Holy Week – Tuesday

holy+weekThe Gospels Account of Holy Week – Tuesday


holyweek-tuesday

(There are a couple of very brief gaps in the recording. No more than 3-5 seconds)

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Holy Week – Monday

holy+week
The Gospels Account of Holy Week – Monday

holyweek-monday

(There are a couple of very brief gaps in the recording. No more than 3-5 seconds)

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Worship At Home – Palm Sunday – 4/5/2020

Worship at Home – 4/5/20
Palm Sunday


worship-4-5-20

DIVINE SERVICE III – LSB p.184

Prelude: Saraband in Modo Elegiaco Herbert Howells
Invocation:
Confession / Absolution (Right side column)
Collect:
Old Testament: Zechariah 9:9-12
Psalm: 118:19-26
Epistle: Philippians 2:5-11
Gospel: John 12:12-19
Apostles Creed
Sermon
Offertory: A Lamb Goes Uncomplaining Forth – Bernard W. Sanders

Prayers: (Our prayers today follow a format in which each petition is first introduced, then offered. Our response to each petition is “Amen”)
Lord's Prayer
Benediction
Postlude: O Sacred Head, Sore Wounded Johannes Brahms

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Mid Week Lent 2020-5 – "I Believe" – 3rd Article

“I believe in the Holy Spirit, the holy Christian church, the communion of saints, the forgiveness of sins, the resurrection of the body and the life everlasting.”

There is a very real sense in which the Holy Spirit is much harder for us to get our brain wrapped around than the Father or the Son. Just the way that we identify the 1st and 2nd persons of the Trinity is different that the 3rd. “Father” and “Son” are very personal names which we can relate to. We all have fathers. We’re all either sons or daughters. We know what it means to trust, to serve, to speak to, to even worship a Father and a Son.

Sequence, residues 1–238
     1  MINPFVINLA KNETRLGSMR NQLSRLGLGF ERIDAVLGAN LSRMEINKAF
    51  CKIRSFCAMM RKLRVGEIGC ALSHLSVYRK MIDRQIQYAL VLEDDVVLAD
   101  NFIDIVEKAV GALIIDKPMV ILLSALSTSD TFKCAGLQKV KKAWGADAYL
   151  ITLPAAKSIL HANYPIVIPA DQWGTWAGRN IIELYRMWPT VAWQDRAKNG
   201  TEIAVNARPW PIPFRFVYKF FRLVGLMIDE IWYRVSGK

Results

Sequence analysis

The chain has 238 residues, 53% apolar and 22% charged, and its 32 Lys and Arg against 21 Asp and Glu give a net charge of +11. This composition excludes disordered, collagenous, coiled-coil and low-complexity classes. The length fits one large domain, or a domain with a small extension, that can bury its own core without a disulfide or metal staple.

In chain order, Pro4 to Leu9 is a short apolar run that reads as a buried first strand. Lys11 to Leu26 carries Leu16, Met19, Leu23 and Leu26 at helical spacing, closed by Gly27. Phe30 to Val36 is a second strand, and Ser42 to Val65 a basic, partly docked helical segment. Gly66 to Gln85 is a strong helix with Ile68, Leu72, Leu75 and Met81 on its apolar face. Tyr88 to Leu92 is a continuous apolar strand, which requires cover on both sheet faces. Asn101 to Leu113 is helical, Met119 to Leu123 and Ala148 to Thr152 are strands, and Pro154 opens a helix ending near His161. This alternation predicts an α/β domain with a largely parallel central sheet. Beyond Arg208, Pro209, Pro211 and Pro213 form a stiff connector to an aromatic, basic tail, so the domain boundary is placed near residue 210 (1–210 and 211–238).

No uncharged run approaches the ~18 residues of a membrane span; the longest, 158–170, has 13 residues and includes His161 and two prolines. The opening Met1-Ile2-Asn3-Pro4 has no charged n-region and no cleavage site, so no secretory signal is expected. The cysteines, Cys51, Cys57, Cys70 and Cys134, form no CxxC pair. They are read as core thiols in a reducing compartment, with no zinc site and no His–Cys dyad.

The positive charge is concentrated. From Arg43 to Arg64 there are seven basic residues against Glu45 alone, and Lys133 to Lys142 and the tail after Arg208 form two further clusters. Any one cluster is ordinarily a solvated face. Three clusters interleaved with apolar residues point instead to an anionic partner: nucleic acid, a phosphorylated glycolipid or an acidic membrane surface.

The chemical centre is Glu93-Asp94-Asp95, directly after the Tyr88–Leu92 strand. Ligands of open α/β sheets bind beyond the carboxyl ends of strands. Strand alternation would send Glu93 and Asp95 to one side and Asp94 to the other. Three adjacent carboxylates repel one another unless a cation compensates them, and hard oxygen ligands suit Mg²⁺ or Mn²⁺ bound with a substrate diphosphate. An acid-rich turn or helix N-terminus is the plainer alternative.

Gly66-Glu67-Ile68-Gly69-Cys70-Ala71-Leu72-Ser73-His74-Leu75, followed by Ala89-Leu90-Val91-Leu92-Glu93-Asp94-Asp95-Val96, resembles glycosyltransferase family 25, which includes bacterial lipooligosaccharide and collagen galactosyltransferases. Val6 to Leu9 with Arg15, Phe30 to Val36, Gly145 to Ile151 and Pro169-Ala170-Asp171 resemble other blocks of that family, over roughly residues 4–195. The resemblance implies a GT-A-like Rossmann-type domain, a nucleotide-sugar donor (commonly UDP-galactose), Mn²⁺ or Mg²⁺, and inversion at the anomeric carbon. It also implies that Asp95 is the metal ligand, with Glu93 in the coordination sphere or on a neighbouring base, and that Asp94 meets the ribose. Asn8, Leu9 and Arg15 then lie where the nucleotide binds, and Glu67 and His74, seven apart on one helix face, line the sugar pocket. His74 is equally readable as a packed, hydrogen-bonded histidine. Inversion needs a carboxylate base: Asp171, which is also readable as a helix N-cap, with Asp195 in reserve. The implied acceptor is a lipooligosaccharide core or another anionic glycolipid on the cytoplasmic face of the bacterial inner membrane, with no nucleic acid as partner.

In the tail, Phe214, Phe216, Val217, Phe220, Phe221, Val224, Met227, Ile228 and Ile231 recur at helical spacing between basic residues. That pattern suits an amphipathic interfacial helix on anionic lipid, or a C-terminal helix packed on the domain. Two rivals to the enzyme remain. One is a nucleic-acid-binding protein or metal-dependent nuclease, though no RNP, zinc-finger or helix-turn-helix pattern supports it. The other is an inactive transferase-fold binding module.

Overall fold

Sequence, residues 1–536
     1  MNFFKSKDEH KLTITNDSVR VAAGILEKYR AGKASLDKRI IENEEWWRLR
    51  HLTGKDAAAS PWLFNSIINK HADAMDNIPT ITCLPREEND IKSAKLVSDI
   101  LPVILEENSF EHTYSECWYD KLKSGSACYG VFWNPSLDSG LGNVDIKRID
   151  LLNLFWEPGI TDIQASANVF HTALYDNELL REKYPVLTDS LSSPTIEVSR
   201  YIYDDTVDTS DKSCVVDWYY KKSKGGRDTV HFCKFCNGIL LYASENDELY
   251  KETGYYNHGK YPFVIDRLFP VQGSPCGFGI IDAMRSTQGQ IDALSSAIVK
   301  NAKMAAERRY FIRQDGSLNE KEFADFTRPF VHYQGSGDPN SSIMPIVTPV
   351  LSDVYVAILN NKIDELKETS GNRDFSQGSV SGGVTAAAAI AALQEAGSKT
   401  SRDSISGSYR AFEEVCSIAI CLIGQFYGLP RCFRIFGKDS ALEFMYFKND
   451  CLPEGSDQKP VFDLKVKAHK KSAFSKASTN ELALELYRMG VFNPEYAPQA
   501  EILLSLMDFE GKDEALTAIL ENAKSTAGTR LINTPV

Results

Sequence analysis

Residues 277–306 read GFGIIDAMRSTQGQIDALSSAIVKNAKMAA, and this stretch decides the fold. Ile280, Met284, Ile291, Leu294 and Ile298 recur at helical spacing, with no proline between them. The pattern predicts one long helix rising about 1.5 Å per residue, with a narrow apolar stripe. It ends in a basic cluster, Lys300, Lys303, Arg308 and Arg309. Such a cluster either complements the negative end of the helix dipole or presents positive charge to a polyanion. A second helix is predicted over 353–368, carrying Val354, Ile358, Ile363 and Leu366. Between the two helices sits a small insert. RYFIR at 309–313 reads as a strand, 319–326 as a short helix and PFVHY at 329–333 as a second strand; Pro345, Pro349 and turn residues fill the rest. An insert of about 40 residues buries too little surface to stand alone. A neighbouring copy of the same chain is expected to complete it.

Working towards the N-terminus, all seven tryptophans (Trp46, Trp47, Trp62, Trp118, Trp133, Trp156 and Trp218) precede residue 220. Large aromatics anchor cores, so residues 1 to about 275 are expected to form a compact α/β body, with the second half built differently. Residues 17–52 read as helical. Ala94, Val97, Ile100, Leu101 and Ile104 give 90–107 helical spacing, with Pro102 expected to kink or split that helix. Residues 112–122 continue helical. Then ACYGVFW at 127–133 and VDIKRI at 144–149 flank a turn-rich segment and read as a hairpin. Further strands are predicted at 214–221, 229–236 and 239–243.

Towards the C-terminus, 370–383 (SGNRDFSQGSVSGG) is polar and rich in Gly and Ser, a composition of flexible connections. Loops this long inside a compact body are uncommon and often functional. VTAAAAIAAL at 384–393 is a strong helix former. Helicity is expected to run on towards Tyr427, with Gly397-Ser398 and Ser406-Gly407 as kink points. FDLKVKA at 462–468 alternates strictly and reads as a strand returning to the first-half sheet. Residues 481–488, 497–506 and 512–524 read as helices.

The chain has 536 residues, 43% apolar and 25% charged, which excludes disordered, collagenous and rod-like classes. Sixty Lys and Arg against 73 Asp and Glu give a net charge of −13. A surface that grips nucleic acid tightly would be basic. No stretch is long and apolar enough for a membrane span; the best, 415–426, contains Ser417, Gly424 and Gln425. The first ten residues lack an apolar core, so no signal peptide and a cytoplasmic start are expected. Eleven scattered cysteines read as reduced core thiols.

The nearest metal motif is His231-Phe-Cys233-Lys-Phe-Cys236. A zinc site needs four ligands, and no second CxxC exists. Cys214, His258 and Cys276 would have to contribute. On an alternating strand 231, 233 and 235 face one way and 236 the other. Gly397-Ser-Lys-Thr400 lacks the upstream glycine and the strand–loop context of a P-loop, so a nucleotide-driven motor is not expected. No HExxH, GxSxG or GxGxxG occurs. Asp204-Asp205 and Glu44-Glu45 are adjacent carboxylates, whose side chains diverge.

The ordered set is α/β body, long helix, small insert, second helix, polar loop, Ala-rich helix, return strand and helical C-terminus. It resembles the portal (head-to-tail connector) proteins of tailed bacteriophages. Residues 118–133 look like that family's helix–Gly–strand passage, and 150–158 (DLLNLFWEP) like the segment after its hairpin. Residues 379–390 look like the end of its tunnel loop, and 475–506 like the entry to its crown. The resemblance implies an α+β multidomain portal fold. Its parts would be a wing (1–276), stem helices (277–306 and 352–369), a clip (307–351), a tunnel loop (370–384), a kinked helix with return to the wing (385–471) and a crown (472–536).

But the Holy Spirit is… different. What we said last week about ‘who’ the Holy Spirit is, is about as good as we are able to do. The Holy Spirit is Spirit, He is holy. The Holy Spirit is God.

But the Scriptures make it clear that the Holy Spirit is no less ‘personal’ than the Father or the Son just because we can’t identify with Him very well. The Holy Spirit is the personal Person of the Trinity who acts as the match-maker who brings us to the Son and the Son to us. Apart from the Holy Spirit, our relationship with the Son, and with the Father through the Son, would never happen.
Continue reading

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Mid-Week Lent 5 – Worship at Home – 4/1/2020

SERVICE OF PRAYER AND PREACHING
LSB #260


worship-4-1-20

OPENING VERSICLES: (P.260)

READINGS FROM HOLY SCRIPTURE:

1ST READING: 1 PETER 1:3-12 (pew bible p)
This is the Word of the Lord
Thanks be to God

PSALM 103

2ND READING: 2 PETER 1:16-21 (pew bible p)

RESPONSORY: LENT p.263

CATECHISM: p.264
SMALL CATECHISM REVIEW: 3RD ARTICLE – p.323

SERMON: THE APOSTLES CREED – 3RD ARTICLE – II

PRAYER: p.265

SERMON
Mid-Week Lent – 2020
“I Believe” – 3rd Article – II

“I believe in the Holy Spirit, the holy Christian church, the communion of saints, the forgiveness of sins, the resurrection of the body and the life everlasting.”

There is a very real sense in which the Holy Spirit is much harder for us to get our brain wrapped around than the Father or the Son. Just the way that we identify the 1st and 2nd persons of the Trinity is different that the 3rd. “Father” and “Son” are very personal names which we can relate to. We all have fathers. We’re all either sons or daughters. We know what it means to trust, to serve, to speak to, to even worship a Father and a Son.

But the Holy Spirit is… different. What we said last week about ‘who’ the Holy Spirit is, is about as good as we are able to do. The Holy Spirit is Spirit, He is holy. The Holy Spirit is God.

But the Scriptures make it clear that the Holy Spirit is no less ‘personal’ than the Father or the Son just because we can’t identify with Him very well. The Holy Spirit is the personal Person of the Trinity who acts as the match-maker who brings us to the Son and the Son to us. Apart from the Holy Spirit, our relationship with the Son, and with the Father through the Son, would never happen.

But it’s just that role of ‘matchmaker’ that moves the Holy Spirit away from being the center of attention. The Spirit doesn’t have face or a body because He wants us to focus on the face of Jesus and the body of Christ.

I can remember as a child how my parents would sometimes like to visit ‘model homes’ and dream about owning one someday. There were spotlights focused on the model homes in order to illuminate the homes. Just think about how weird it would be for someone to pull up and marvel at the spotlights and focus all their attention on the light they put out – and never pay much attention to the model home. The Holy Spirit is like that. “Fix your eyes on Jesus…” He says.